The defence lawyer for several recently convicted terrorists has slammed The Herald Sun for today’s front page story which states that at least two of the men had targeted Melbourne’s West Gate Bridge for attack.
The front page of the Melbourne tabloid has a full blown image of Abdul Nacer Benbrika superimposed over a picture of the bridge with the headline WEST GATE BOMB PLOT. The accompanying story reveals details of a conversation in which one man says “You could bring down the West Gate”
Rob Stary, the lawyer for five of the accused terrorists, says The Herald Sun report is highly prejudicial because it has blown out of all proportion an allegation that was never led in court because even the prosecution agreed it was “inconsequential and without substance.”
The first paragraph of Keith Moor’s article reads “The West Gate Bridge was one of several bombing targets for Muslim cleric Abdul Benbrika and his home-grown Melbourne terror cell.”
This is stated as fact, although in the trial this was never tested and went unheard by the jury because the prosecution and defence agreed the material “had no relevance to the proceedings.”
“So now to see this on the front page of The Herald Sun is disquieting to say the least,” says Stary.
Moor’s report is based on a conversation secretly taped by police between convicted terror cell member, Fadi Sayadi, and a supposed associate in which they talk about putting “thingos underneath” the bridge. Moor initially told Crikey that the jury had seen the allegations because they were included in a record of interview. However Crikey has been told this is not the case and that the evidence was never disclosed. On hearing this, Moor said this is irrelevant anyway because his report was not about the trial, but rather the broader picture.
The assertions in the story are obviously in the public interest. As Stary concedes the comments are “odious and repugnant.” But he defends this by pointing out “I often say I want to see the overthrow of the British monarchy. Does everyone get convicted on what they say?” The Herald Sun report does not break any laws of subjudice contempt because the trial ended yesterday, although there is a grey area regarding one of the accused, Shane Kent, who will face a retrial as the jury failed to reach a verdict. However, all of the men will appeal and consequentially Stary says the damage done to his clients by The Herald Sun story is “irretrievable”.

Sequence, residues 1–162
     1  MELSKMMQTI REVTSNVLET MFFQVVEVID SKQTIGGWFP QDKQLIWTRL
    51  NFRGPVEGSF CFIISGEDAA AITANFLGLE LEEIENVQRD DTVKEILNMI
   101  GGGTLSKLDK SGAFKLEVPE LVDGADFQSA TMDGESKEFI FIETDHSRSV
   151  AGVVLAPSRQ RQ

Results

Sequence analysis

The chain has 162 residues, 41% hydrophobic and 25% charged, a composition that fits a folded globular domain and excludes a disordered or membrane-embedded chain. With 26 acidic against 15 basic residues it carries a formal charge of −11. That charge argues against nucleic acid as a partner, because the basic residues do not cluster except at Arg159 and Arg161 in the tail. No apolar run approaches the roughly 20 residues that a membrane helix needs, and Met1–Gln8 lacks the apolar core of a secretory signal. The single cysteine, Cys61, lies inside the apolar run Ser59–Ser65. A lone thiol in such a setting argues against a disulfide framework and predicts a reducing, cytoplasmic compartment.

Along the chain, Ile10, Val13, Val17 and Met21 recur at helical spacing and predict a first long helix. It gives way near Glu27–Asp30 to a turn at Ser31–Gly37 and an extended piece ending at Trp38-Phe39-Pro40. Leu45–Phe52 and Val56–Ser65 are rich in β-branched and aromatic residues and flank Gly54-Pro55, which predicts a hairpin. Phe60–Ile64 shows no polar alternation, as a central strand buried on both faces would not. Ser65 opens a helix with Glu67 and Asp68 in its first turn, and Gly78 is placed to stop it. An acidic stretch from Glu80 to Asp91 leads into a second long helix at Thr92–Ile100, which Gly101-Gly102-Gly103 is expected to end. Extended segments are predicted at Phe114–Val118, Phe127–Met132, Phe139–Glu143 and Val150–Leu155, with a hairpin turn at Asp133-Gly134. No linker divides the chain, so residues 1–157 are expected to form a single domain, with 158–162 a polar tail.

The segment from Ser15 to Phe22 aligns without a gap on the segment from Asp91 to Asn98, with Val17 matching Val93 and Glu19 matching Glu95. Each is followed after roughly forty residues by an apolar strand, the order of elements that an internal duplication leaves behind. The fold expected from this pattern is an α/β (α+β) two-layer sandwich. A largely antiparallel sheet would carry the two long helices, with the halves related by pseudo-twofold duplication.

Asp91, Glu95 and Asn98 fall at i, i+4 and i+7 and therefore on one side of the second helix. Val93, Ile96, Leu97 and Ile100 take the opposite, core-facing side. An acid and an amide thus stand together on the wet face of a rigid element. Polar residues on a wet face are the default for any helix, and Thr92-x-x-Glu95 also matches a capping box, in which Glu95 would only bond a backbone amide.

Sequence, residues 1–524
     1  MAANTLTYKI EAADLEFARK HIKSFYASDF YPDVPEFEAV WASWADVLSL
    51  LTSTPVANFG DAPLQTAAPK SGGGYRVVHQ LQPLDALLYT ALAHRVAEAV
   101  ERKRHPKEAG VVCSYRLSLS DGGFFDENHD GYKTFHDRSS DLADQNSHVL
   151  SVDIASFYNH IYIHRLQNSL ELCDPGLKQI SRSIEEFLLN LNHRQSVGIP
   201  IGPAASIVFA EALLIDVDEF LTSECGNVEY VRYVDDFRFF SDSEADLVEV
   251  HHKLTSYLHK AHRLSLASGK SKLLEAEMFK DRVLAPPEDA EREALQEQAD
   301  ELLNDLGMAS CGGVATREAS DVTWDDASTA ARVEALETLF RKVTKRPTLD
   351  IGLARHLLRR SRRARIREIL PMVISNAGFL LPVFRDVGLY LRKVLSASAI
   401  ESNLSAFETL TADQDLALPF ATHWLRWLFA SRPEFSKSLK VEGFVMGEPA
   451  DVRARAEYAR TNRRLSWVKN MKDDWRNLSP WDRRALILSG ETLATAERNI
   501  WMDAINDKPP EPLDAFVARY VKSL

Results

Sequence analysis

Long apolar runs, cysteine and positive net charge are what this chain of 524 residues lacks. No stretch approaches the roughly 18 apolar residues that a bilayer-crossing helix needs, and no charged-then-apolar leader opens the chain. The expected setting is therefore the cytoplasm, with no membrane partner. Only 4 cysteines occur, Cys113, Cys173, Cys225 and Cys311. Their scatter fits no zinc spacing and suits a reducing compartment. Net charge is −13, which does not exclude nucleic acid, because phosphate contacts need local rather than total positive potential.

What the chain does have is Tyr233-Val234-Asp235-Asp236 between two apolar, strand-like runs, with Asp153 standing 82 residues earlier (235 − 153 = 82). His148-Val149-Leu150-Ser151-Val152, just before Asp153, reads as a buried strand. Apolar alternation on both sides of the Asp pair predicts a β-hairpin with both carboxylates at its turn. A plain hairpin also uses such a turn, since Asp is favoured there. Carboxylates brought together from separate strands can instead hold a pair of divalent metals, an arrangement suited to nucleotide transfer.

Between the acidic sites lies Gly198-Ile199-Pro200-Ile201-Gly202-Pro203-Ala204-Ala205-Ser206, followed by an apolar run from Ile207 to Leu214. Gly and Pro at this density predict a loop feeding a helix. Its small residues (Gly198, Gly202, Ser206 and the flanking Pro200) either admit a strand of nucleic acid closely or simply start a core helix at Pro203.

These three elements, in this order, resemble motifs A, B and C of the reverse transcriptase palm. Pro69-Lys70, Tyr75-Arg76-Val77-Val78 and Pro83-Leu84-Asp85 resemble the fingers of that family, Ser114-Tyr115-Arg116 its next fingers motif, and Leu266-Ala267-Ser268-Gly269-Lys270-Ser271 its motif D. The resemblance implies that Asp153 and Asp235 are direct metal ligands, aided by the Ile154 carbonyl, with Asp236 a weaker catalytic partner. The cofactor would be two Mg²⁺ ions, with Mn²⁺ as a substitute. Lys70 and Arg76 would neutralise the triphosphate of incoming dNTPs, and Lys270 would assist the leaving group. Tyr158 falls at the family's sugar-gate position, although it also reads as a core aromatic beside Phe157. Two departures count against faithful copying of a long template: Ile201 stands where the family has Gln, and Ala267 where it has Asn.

He believes that Moor was tipped off and says “The Herald Sun has been the conduit for misinformation from the AFP throughout the trial.”
Keith Moor denies he was fed the information by the police. He says he discovered the information independently.
“Nobody gave me anything on this,” he told Crikey.
Stary believes Moor has to say this to protect his source. Moor replies he hasn’t heard the taped conversation or read a transcript of it. Instead he has seen second hand material relating to it.
The laws of defamation are technically open to the men identified in the story. After all, the claim that they were plotting to bring down the West Gate Bridge certainly damages their reputation and lowers them in the estimation of others — the basic tests for defamation.
However, a defamation case against The Herald Sun would almost certainly fail because even if the report is wrong, the paper could claim the defence of “contextual truth,” arguing the story does the men no further harm because they are already convicted.
Keith Moor says “it’s the job of a newspaper to report widely on issues of public concern.” Defence lawyers say it is also the paper’s job to differentiate between allegation and fact and to properly contextualize the information so that readers can make a better assessment of its veracity.